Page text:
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Grey Alien

Alien lawyer's first case

A lawyer who landed an out-of-this-world job defending people who have suffered at the hands of aliens has started his first major case.

Former industrial law specialist Jens Lorek announced last year he would defend those whose close encounters with outer space visitors left them physically and mentally shattered.

Now he has his first client - hotel chef Paul Hoffmann, 23, who claims he was kidnapped by aliens and has never been the same since.

Hoffmann said: "About two years ago a cross-shaped space ship sucked me up and took me to space. When I came around, it was daylight again."

Arrow Down

Peru celebrates tasty guinea pigs

Peru's celebration of the guinea pig included contests for the biggest, the best-dressed - and the tastiest. The second annual festival of the cuy, as guinea pigs are known in the Andes, brought brass bands into the streets of highland Churin on Sunday to celebrate all things related to the furry rodents.

Crusader

Victory of Sanity over Psychopathy: Dry Cleaner Wins Missing Pants Case

A judge ruled Monday in favor of a dry cleaner that was sued for $54 million over a missing pair of pants.

The owners of Custom Cleaners did not violate the city's Consumer Protection Act by failing to live up to Roy L. Pearson's expectations of the "Satisfaction Guaranteed" sign once displayed in the store window, District of Columbia Superior Court Judge Judith Bartnoff ruled.

Bartnoff ordered Pearson to pay the court costs of defendants Soo Chung, Jin Nam Chung and Ki Y. Chung.

Pearson, an administrative law judge, originally sought $67 million from the Chungs, claiming they lost a pair of suit trousers and later tried to give him a pair that he said was not his. He arrived at the amount by adding up years of alleged law violations and almost $2 million in common law claims.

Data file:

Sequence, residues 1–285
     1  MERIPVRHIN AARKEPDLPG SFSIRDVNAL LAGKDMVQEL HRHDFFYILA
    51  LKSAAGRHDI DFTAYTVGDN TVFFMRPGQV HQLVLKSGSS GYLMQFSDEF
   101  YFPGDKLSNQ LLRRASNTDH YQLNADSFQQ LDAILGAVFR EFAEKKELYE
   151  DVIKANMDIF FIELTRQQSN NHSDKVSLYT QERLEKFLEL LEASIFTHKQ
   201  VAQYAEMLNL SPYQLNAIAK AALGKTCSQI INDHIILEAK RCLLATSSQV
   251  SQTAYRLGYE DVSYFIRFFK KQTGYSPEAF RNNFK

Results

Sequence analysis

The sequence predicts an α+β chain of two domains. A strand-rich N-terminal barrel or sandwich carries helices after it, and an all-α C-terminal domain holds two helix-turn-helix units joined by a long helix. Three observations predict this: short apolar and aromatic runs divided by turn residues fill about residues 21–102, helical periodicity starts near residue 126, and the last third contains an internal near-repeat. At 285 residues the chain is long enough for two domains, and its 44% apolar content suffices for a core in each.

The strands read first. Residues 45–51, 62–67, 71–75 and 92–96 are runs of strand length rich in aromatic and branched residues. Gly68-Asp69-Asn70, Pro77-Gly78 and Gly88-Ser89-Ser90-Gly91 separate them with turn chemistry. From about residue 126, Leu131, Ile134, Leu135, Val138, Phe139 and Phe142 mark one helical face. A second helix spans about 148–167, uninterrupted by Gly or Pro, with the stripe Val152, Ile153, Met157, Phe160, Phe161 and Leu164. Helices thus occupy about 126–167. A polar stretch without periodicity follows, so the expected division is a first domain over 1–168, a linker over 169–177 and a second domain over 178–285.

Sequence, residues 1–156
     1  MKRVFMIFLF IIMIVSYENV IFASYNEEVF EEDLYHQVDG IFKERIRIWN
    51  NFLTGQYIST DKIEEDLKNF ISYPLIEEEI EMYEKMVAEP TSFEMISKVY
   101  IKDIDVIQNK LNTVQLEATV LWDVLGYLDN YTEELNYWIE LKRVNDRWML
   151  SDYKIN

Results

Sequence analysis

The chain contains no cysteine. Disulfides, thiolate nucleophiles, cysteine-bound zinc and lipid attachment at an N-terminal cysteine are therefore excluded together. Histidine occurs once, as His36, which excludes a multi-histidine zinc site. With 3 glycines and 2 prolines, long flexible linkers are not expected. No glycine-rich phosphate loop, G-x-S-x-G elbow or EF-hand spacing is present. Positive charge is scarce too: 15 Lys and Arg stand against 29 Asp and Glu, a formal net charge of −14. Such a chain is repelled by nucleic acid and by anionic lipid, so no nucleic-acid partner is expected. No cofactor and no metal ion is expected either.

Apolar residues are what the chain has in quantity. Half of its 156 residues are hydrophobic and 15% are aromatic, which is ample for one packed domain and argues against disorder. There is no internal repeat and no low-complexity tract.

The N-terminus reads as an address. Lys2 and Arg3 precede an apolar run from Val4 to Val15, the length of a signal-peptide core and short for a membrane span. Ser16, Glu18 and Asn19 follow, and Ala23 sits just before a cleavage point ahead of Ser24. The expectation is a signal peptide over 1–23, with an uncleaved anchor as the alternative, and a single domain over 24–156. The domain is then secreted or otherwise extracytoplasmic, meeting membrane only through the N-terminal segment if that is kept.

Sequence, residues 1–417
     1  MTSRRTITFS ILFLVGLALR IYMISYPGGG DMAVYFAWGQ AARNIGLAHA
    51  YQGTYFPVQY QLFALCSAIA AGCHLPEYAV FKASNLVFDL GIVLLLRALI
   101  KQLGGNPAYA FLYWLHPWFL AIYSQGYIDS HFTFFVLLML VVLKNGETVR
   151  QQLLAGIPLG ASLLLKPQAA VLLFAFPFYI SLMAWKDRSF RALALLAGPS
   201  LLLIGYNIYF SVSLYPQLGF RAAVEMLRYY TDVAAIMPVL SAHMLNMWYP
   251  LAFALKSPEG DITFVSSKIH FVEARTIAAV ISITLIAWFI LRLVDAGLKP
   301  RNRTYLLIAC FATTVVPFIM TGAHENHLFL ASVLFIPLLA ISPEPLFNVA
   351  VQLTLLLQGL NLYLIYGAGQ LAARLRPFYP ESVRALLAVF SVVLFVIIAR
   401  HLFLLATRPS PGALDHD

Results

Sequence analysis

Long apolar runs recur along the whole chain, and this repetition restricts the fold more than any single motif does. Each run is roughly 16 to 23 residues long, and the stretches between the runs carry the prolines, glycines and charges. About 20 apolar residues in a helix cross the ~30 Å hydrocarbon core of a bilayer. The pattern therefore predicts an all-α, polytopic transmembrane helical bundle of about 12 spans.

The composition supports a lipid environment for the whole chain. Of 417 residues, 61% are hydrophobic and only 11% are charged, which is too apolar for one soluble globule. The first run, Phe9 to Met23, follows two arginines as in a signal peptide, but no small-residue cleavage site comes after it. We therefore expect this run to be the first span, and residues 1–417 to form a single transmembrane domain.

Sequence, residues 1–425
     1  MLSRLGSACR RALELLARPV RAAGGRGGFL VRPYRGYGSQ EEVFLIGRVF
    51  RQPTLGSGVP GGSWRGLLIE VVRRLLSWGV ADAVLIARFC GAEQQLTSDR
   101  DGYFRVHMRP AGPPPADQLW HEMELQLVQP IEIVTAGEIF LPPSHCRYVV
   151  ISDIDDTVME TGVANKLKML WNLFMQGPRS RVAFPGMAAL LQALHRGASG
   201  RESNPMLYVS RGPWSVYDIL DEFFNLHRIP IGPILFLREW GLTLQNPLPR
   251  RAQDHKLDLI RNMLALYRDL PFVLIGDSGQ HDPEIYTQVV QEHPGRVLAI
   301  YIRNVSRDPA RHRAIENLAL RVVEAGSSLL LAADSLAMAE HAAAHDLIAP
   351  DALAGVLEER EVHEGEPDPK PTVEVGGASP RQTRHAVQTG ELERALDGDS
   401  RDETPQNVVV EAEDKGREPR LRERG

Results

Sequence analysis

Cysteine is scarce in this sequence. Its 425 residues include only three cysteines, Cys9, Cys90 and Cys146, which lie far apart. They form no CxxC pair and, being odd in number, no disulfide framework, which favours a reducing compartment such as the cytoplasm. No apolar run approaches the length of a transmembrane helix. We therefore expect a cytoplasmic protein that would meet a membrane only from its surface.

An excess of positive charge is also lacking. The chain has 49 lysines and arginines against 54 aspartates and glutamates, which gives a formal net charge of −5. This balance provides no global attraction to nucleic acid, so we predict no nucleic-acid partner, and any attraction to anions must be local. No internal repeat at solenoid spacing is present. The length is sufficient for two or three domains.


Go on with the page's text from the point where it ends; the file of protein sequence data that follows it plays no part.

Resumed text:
Red Flag

This wouldn't happen in Soviet union: Only half of Russians know how national flag looks

Slightly more than half of polled Russians know what the color scheme on the national flag looks like, while only one-third can cite the opening lines of the Russian national anthem, an opinion research center said Monday.

Fifty-five percent of respondents in a survey conducted by the All-Russian Center for Public Opinion Study managed to name the colors and their sequence on the national flag, while 34% were able to name the colors but failed to place them in the right order.

Only 34% of respondents remembered the opening lines of the Russian national anthem, which has the same music as the Soviet anthem, but with new words, while 32% gave the wrong answer and 35% did not answer at all.

USA

Kid Impersonates Bush!



Bulb

Race Gives New Meaning to Beer Run

SUAMICO, Wis. - Only in Wisconsin do beer and exercise mix. Several hundred people laced up Sunday morning for a two-mile charity race in which suds were the refresher of choice. Competitors in the 19th annual Beer Belly Two might not be considered athletes, but they know how to have a good time.

Mail

Missing Films Arrive After 34 Years

Musty brown boxes containing educational films about the Netherlands have finally made their way back to western Michigan, 34 years late.

Holland, Mich., Postmaster John Masuga believes someone had the two boxes stored somewhere, found them and tossed them in a mail collection box. They already had metered postage and arrived in Holland from a bulk mail facility in Allen Park.

Wine

Firefighters high after pot goes up in smoke

Edinburg - US authorities were trying to find out on Thursday who stored 907kg of marijuana in a warehouse that caught fire.

Sheeple

Realtors attend worship service to pray for better market

More than 300 people with a keen interest in the Emerald Coast's real estate market gathered Wednesday at Destiny Worship Center to ask for God's blessing.

The Real Estate Prayer Luncheon was organized in hopes of breathing life and positive thinking into the area's slumping housing market.

Evil Rays

The Purple Brain: America's New Reefer Madness

More than 70 years in the making, the long-awaited sequel to the notorious 1936 film, Reefer Madness has arrived. It's called The Purple Brain, and just like its unintentionally campy predecessor, its purpose is to frighten Americans about marijuana.